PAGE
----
We've seen this movie before
Prime Minister Trudeau is promising yet another “middle-class” tax cut, pitched as a “lift” out of poverty that will help the middle class and “those working hard to join it” — but, once again, those who benefit most are already fairly well-off and those who aren’t don’t really benefit.
But it does come at a hefty cost to public revenues.
Two days after the election, Trudeau told reporters “putting forward a bill to lower taxes for the middle class” by extending the Basic Personal Amount (BPA) exemption is a key priority for his minority government, as per the Liberal platform.
The Liberals’ plan to increase the BPA exemption to $15,000 won’t benefit Canada’s very richest. But Canadian Centre for Policy Alternatives senior economist David Macdonald told PressProgress, the second-highest income decile “makes the biggest benefit from this, compared to the first decile that makes almost nothing.”
See below, calculations of how benefits break down by income bracket, between the Liberals’ BPA proposal and the Tories’ proposed Universal Tax Cut, by UBC prof. Kevin Milligan:
The Financial Post noted, meanwhile, even the biggest percentage change in disposable income would go to those earning from $40,000 up to $80,000. That’s above the 2018 Canadian median family income of $70,300.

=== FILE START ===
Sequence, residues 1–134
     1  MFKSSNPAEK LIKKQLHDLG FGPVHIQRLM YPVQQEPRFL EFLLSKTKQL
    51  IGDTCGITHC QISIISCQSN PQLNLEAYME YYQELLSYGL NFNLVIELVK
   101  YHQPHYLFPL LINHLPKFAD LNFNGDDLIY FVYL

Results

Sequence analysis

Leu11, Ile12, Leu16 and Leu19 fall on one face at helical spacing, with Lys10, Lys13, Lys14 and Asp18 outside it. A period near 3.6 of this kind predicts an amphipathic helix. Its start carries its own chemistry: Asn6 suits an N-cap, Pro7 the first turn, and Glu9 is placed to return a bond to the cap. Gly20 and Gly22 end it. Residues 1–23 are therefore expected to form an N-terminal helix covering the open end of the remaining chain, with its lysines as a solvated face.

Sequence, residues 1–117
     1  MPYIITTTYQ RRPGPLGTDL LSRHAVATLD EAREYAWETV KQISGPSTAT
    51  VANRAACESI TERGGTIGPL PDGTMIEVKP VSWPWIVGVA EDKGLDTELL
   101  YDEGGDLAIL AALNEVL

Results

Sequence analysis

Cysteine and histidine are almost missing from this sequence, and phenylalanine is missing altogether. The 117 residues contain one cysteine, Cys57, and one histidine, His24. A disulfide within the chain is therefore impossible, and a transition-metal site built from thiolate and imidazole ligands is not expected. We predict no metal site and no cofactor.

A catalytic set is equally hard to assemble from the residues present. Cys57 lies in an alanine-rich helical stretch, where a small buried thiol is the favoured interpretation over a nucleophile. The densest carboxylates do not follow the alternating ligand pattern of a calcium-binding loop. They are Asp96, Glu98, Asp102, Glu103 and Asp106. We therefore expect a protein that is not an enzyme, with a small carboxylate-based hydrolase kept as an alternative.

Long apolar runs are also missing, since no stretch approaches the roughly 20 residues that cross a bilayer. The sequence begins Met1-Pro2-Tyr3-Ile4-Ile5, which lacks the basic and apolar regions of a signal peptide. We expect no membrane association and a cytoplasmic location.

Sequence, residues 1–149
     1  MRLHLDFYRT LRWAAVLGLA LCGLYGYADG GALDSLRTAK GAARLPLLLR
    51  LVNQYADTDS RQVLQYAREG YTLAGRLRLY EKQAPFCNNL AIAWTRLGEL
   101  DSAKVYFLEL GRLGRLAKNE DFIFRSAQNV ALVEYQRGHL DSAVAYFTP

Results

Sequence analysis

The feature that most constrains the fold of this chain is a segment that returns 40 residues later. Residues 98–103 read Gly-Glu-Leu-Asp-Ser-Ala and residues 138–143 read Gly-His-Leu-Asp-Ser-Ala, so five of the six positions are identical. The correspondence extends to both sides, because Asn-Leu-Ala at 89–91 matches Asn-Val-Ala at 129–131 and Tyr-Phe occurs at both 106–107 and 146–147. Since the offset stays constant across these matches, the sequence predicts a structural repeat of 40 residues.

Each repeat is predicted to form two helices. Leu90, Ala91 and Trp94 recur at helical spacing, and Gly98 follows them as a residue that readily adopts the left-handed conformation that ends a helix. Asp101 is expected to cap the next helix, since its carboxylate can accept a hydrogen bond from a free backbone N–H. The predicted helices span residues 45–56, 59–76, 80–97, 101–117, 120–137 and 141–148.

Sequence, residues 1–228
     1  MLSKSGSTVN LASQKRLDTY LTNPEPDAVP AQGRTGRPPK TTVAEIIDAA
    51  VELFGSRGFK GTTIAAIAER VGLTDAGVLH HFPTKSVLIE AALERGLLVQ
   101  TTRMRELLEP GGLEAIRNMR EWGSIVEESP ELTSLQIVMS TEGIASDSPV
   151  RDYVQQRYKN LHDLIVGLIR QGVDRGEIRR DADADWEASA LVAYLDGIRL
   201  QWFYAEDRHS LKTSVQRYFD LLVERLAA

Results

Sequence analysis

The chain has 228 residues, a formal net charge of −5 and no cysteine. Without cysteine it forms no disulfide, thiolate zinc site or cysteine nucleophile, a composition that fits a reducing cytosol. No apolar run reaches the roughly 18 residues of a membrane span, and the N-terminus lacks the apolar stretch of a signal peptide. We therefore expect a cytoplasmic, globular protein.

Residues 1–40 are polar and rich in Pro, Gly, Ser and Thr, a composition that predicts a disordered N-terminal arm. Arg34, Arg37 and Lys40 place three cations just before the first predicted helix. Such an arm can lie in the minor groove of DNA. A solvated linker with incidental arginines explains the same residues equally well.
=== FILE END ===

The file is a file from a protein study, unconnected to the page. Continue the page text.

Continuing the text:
Economist Andrew Jackson noted the plan will likely reduce poverty by just 0.1 %.
However, that minuscule benefit will cost the government roughly $6 billion.
Canadians For Tax Fairness executive director Toby Sanger told PressProgress “There are positive things that you can do with the tax system at the lower end, particularly if you use a refundable tax credit. This isn’t that.”
Sanger noted, further, the Liberals’ latest proposal follows a track-record of tax policy that benefits the well-off over those struggling.
In their 2015 election manifesto, the Liberals promised to “conduct a review of all tax expenditures to target loopholes that particularly benefit the top 1 per cent.”
Despite the government raising taxes on incomes over $200,000 — when it did introduce its “middle-class tax cut”, Canada’s wealthiest 10% received half of all the benefits. That worked out to $1.5 billion in tax savings for everyone with taxable incomes higher than $89,200.
Following that, Finance Minister Bill Morneau handed corporate Canada $14 billion in tax giveaways, while maintaining many Harper-era tax loopholes that benefit Canada’s wealthiest income tax earners.